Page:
2020 Year in Travel

(updated )

It feels odd to be continuing my annual tradition of writing a year in travel post during a year that’s been defined by the COVID-19 pandemic. I’ve been fortunate that I’ve stayed healthy and been able to work from home this year—so when I say that my travel’s down substantially this year, please understand that it’s not meant as a complaint. Instead, reporting my travel statistics is an attempt to maintain some semblance of normalcy, even if those numbers are themselves clearly much lower than normal.

A chart with January 1 2020 through December 31 2020 on the x-axis, and the distance from home on the y-axis. Up until mid-March, there is a lot of time spent away from home; afterwards, there's very little.

If anything, the first ten weeks of the year involved slightly more travel than typical; I had six trips, including three transcontinental trips to the U.S. west coast.

I first noticed a small number of people starting to wear surgical masks at the airport on my late January Orlando trip, but travel otherwise felt pretty normal through February.

I was traveling right up to the end of “normalcy” with a trip to Denver on 9–12 March.

From there, I had my longest time at home since I started work travel in 2009.

I did eventually end up having three more work trips in the latter half of the year; that work travel was pretty weird. We also did a few in-state hotel staycations (one weekend in Marietta, Ohio, one in Cincinnati, and one in Cleveland).

Hotel Nights

A chart of my hotel nights by year. 2020 shows 36 total nights (25 business, 11 personal). 2020 is much lower than recent years.
2020 Nights Away from Home
Personal 11 nights
Business 25 nights
Total 36 nights

I spent 36 nights away from home—less than a third of last year’s total. 25 nights were for work and 11 for myself.

A map of the United States with circles showing how many nights I spent in various locations. The three largest circles are Seattle, the Mojave desert near Los Angeles, and St. Louis.

Over the course of the year, the destinations I spent the most nights were Seattle, St. Louis, and the Mojave Desert/Antelope Valley north of Los Angeles.

With as much time as I normally spend in Oklahoma, I did not end up visiting the state at all this year. All but one of my trips were canceled or postponed due to the pandemic, and the one remaining trip ended up getting cancelled by (surprisingly) an October ice storm in Oklahoma.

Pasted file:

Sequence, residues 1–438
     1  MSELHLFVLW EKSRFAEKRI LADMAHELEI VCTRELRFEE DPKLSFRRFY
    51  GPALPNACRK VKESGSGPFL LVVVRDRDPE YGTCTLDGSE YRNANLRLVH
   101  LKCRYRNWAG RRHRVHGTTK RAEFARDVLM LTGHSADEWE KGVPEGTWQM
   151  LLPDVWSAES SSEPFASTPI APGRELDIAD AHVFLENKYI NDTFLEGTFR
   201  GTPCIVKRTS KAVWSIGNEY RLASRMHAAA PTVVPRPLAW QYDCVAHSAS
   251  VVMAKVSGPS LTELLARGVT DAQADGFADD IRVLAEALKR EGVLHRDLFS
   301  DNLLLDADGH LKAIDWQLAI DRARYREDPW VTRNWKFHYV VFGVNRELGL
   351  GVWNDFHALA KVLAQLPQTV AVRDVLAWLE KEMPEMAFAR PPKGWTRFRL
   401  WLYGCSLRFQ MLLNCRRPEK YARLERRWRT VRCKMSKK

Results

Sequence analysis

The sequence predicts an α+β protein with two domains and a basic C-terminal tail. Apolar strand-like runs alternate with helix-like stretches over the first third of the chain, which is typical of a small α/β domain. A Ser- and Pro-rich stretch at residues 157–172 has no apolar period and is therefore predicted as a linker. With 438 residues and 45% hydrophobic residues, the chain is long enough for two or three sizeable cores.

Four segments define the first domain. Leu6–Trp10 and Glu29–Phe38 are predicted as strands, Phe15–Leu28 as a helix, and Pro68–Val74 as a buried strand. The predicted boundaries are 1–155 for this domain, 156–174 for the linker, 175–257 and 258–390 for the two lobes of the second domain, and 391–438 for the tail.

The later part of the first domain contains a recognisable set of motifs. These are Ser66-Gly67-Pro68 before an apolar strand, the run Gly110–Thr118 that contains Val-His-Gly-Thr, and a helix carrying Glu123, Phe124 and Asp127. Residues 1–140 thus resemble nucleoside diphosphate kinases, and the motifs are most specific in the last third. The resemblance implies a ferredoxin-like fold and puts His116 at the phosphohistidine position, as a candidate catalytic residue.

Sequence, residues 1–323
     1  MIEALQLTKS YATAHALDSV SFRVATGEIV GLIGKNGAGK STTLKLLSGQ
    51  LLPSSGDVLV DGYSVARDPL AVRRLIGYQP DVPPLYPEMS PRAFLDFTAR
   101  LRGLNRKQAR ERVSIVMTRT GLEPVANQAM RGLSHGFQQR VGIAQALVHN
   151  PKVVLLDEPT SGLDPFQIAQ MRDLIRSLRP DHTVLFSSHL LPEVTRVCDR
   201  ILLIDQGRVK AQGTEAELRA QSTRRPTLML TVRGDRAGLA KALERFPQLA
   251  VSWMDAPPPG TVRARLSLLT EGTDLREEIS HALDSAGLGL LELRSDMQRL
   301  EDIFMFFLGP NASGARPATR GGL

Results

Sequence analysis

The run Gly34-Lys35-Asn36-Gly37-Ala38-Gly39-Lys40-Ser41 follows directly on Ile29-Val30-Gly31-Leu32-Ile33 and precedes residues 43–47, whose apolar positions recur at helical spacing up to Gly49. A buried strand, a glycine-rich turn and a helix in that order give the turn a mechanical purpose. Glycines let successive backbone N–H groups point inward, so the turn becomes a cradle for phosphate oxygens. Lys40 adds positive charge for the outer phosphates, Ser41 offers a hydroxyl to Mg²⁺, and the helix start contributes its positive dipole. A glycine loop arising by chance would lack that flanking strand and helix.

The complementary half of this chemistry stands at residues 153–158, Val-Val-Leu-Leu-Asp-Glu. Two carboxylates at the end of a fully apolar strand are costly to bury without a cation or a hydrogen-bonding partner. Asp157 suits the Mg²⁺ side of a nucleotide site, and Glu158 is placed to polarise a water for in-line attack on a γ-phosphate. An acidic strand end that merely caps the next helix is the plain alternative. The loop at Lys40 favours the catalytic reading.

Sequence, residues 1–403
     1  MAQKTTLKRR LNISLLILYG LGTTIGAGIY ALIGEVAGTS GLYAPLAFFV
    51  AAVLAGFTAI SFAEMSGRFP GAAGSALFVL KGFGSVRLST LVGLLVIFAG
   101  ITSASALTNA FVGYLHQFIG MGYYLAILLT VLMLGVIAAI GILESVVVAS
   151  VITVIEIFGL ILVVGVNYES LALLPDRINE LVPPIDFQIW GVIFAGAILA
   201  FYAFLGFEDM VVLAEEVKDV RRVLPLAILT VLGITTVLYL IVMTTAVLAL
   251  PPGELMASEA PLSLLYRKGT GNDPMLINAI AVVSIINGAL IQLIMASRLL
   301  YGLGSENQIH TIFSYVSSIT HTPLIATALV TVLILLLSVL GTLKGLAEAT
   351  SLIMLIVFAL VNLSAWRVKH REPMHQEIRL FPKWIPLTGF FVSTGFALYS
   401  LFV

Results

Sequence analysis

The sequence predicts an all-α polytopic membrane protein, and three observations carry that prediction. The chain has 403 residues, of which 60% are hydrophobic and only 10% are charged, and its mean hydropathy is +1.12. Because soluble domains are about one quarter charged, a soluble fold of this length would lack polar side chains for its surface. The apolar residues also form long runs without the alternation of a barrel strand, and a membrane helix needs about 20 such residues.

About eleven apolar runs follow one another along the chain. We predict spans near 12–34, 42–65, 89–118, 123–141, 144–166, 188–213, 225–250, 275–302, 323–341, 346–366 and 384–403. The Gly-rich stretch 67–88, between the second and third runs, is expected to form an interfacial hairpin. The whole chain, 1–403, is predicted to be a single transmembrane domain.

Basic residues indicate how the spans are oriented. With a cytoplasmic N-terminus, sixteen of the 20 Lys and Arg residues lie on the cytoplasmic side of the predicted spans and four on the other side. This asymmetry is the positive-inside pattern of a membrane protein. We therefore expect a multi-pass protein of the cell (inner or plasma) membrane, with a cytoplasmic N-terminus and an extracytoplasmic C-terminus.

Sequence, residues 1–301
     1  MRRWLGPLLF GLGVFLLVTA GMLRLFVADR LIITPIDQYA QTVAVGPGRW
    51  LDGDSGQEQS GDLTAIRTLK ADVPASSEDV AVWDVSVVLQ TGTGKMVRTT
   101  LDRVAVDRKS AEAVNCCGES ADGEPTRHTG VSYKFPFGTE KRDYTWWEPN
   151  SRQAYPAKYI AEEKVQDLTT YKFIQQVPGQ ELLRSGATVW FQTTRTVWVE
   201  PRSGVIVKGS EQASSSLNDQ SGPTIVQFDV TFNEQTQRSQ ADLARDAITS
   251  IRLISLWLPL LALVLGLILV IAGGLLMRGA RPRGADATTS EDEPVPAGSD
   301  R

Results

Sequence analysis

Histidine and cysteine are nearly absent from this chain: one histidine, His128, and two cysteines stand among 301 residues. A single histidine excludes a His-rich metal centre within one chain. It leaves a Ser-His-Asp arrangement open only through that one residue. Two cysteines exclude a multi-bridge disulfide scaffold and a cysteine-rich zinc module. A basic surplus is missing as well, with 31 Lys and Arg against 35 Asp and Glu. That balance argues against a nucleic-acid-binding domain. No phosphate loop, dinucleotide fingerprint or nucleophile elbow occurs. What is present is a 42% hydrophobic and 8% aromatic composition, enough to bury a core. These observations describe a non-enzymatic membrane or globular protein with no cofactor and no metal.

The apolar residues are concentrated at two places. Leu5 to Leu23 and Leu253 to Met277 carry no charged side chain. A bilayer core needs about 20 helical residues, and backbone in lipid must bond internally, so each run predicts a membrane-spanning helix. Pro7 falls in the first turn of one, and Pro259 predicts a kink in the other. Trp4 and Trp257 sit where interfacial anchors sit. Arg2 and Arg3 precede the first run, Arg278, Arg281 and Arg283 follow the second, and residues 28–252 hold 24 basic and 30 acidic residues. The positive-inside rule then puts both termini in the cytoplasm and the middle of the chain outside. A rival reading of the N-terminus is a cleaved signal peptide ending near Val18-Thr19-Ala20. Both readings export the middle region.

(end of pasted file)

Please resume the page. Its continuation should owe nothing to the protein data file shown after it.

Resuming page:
A chart of my flights by year. 2020 shows 33 total flights (27 business, 4 mixed, 2 personal). 2020 is much lower than recent years.
2020 Flights
Personal 2 flights 554 mi 891 km
Mixed 4 flights 4 054 mi 6 524 km
Business 25 flights 20 621 mi 33 187 km
Total 33 flights 25 229 mi 40 602 km

I flew on 33 flights, totaling 25 229 miles (40 602 km). Again, both my number of flights and my total distance were about a third what I flew last year.

A map of all my flights in 2020.

I never flew into the northeast, but otherwise had a pretty good geographic distribution of flights throughout the contiguous United States.

However, I did not visit any new airports this year. My last year before this with no new airports was 2006, so I just broke a 13-year streak.

A directed graph with airports as nodes and flights as edges. Airport nodes are sized proportional to the number of visits, and flight edges are color coded by airline.

Besides the much lower number of flights, this year was unusual for having the majority (25 of 33) of my flights on Delta. My work travel involves contracts with airlines for specific city pairs each fiscal year, so usually the airline I have to take is chosen for me by where I’m going, and the places I travel the most were rarely on Delta. (For the last decade, my most flown airline has alternated back and forth between American and United.)

The Wilmington ✈️ Charlotte ✈️ Dayton (ILM–CLT–DAY) trip on American was coming back from a New Year’s trip (so the outbound flights were in 2019). These flights were supposed to be Wilmington ✈️ Washington Dulles ✈️ Cincinnati (ILM–IAD–CVG), but a broken seat on the plane meant they were suddenly overbooked after everyone had already boarded, so I gave up my seat in exchange for a $1000 voucher and a same-day rebooking on American into a closer-to-home airport. Oddly enough, I’d bought that United ticket with another voucher from a previous trip.